Connecting the dots: Volkswagen’s low cost car, the Great Wall affair, Piech’s ouster, and Nissan

Piech Winterkorn 2 Picture courtesy

Last weekend, Volkswagen CEO Martin Winterkorn told Bild am Sonntag that his company will finally build a budget car line, 2018, in China. A few days earlier, Ferdinand Piech’s older brother Ernst told Germany’s society magazine Die Bunte that Winterkorn is putting Piech’s lifetime achievement in jeopardy. Both are connected.

Low-cost benchmark: Renault's Kwid, $5000 in India

Low-cost benchmark: Renault’s Kwid, $5000 in India

Before we connect the dots, let’s set one item straight. Volkswagen is not going for a budget car, in the current sense of the word. Volkswagen plans cars that sell in China for more than $10,000. The current benchmark for true budget cars is the Renault Kwid, a compact SUV introduced in India. It goes for less than $5,000. It is scheduled to be followed by a Datsun-branded sister model, probably for a little less than the Renault.

A Polo-sized compact SUV is what Volkswagen needs in China, and it needs it in a hurry. This segment is on fire in China, has been for a while, and the fire is being fueled not by the joint ventures, but by Chinese makers, notably Great Wall and Changan. According to the Wolfsburg Flurfunk , the “hallway radio” that stands for Volkswagen’s proprietary rumor mill, one of Piech’s series of beefs with Winterkorn was “why can Great Wall do what we can’t?”

According to the hallway radio, Piech ordered-up a Great Wall’s Haval H2, and had it shipped to Salzburg, where it was dismantled, and put under the magnifying glass. In China, the trucklet goes for around $16,000. Apparently, the dismantlers decided that Volkswagen is unable to meet that price without losing money. So it was decided to buy the expertise from the company that obviously has it, Great Wall. Piech’s relative and Volkswagen’s sales chief Christian Klingler was dispatched to China, wrote Manager Magazin, to discuss a joint venture with Great Wall. Taking shares in Great Wall also was an option.

FAW's budget car expertise

FAW’s budget car expertise

When the news of the tech-a-tete between Volkswagen and Great Wall became public, alarm bells rang at Volkswagen’s Chinese joint venture partners SAIC and FAW.  They were furious, and the affair with Great Wall was hastily scrapped. Winterkorn’s first decision after Piech’s departure was to give the supposed budget car project to its Chinese joint venture partner FAW, says the hallway radio. The Flurfunk also wonders what gives FAW the sudden expertise to come up with a compact SUV at a price Volkswagen’s own engineers were unable to meet. FAW’s own designs tend more towards the over-the-top Stalinesque Red Flag cars.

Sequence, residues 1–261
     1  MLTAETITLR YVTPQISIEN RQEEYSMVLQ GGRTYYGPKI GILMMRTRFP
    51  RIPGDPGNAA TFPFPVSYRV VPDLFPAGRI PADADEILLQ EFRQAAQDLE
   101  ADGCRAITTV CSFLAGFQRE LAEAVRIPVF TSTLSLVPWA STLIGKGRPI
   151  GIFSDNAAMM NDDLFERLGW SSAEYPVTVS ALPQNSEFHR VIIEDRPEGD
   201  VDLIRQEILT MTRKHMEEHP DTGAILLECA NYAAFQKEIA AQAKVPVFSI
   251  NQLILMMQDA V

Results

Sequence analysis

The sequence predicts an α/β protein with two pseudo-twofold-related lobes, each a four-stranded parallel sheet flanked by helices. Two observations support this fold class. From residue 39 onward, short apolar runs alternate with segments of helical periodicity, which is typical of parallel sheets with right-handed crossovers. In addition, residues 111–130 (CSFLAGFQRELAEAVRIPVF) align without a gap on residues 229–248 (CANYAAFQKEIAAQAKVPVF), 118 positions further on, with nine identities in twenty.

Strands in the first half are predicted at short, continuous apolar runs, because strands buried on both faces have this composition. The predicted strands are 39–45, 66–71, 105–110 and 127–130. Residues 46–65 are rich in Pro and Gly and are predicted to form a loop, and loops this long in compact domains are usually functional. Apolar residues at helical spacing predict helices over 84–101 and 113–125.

Was the Chinese budget car disaster the reason for the breakup between Piech and Winterkorn? Early April, Piech dropped his famous “I am at a distance to Winterkorn” quote. Two weeks later, the secret Great Wall affair leaked, and a few days thereafter, Piech was out.

Jack it up, roof rack, hatchback: VW's low cost Santana turns SUV. Nein?

Jack it up, roof rack, hatchback: VW’s low cost Santana turns SUV. Nein?

The timing may appear ominous, but the hallway radio says that the Great Wall affair was simply the last straw that broke Piech’s back. According to his brother’s Bunte interview, Piech had doubts about Winterkorn for at least five years. The inability to come up with a class-leading low-cost offering shows that VW is no longer managed by a visionary, and that the People’s Car Company has lost touch with its roots. When its budget line finally hits in 2018, it will be too much, too late. The company to watch is Nissan/Renault. It sells its Kwid compact SUV now in India for less than half of what Volkswagen targets in three years in China. Volkswagen’s MQB kit is too expensive for a $16,000 car, but Nissan/Renault can build a $5,000 car from its CMF-A architecture.

P.S.: Carnewschina chief Tycho de Feijter points out that Volkswagen had low-cost cars in China for ages, to wit the Santana (starting at around $15,000) the Chinese version of the Polo (starting at around $13,800) and the made-in-China Jetta (from $13,300.) VW just seems to be unable to turn them into approachable-priced crossovers. Chinese Santana/Polo/Jetta are based on the decidedly pre-MQB PQ25 platform, while Nissan/Renault’s much lower priced offerings are the outcome of a cleansheet new architecture, written up by yours truly two years ago.